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20 September 2018

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UNITED NATIONS, Sept. 17, 2018 -- Photo taken on Sept. 17, 2018 shows the last meeting of the 72nd session of the United Nations General Assembly, at the UN headquarters in New York. Photo: Xinhua/Li Muzi via Getty Images

Development Aid Insufficient to Reach SDGs

New York (Forbes) – It may not be widely known looking at the embarrassment of riches on Wall Street, but the world’s best hope of reining in the modern era’s four horsemen riding on steeds of climate change, extreme income inequality, pandemic threats and the erosion of institutional trust, largely depends on financial engineering, technological innovation and political will. In development circles the case for financial leverage, or the billions to trillions narrative, is widely understood, representing a critical path to achieving the UN’s Sustainable Development Goals (SDGs). Now it is time for business and the asset management community to realize their double-jeopardy, which is betrayed by buoyed short-term returns – namely, we are living in an invest now or pay later world. Either way, someone is going to pay, and the misery and misfortune of others can no longer be treated as externalities.

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Carol: "I am lucky that nobody hurt me. I never saw the others again. People need to know what this route is like; they need to know the truth."

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  • Euronews' daily show Raw Politics debated the latest developments in the EU's response to the migration situation in the Mediterranean.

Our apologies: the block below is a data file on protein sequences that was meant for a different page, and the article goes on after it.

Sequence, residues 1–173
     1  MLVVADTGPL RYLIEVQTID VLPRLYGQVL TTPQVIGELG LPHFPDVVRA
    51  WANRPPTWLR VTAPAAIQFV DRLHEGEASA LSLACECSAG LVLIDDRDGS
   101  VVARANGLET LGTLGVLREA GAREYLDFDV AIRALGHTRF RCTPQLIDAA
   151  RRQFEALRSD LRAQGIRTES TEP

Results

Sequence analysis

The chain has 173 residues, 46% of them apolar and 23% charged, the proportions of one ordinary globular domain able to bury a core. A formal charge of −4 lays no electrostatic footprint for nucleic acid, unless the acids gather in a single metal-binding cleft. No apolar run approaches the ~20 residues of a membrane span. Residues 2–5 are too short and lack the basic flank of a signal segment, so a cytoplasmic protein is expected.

• ANSA reported that over one-fifth of migrants who arrive irregularly in Europe do so by land, according to IOM figures.

  • Thomson Reuters Foundation reported that anecdotal evidence suggests that instances of human trafficking have slowed since Oba Ewuare II, leader of the historic kingdom of Benin in southern Nigeria, invoked curses on anyone who used witchcraft to aid irregular migration in March.

  • Parikiaki reported on the daily struggle of asylum seekers in Cyprus, where only one government-run reception center handles thousands of applications.

  • EEAS featured remarks by EC Vice-President and High Representative of the European Union for Foreign Affairs and Security Policy Federica Mogherini during an informal meeting of the heads of state to discuss migration.

  • Sudan Tribune reported on the call of the Sudanese government to confiscate profits from human trafficking and irregular migration crimes, stressing the need for providing jobs for young people.

  • N1 Sarajevo reported on the difficulty in accommodating migrants in Bosnia as immigration centers reach full capacity.

  • Dehai reported on how armed groups in Libya are trafficking persons and smuggling migrants for financial gain.

  • Business Ghana reported that a five-day training to build the capacities of consular officials in seven missions abroad has opened with a call for missions to be receptive to and support migrants.

  • Open Democracy reported on a journey through Hungary's rural west, where refugees are banned but tourists are welcome.

  • CGTN reported that Spain has been identified as the top destination for African migrants, with passage through the Strait of Gibraltar as the preferred route.

  • F3 News reported about the inhumane conditions in the Moira refugee camp in Greece where rape and mental health issues were rampant, calling the camp an ‘island prison’.

  • Egypt Today reported that the Egyptian government will not establish refugee camps for migrants but will allow them to move freely inside the country and provide them with health and education services.

  • The Guardian reported that New Zealand has announced it will significantly increase its refugee quota from 2020.

  • EU News reported that the European Asylum Support Office (EASO) has emphasized the need for dedicated journalists to raise public awareness about the harsh realities that drive refugees to flee their homes, and to report objectively about migration.

  • The Guardian reported that LGBTQI Refugees Welcome, the only refugee-led queer collective in Athens, has provided vital support and a safe place for persecuted gay and trans refugees to get together.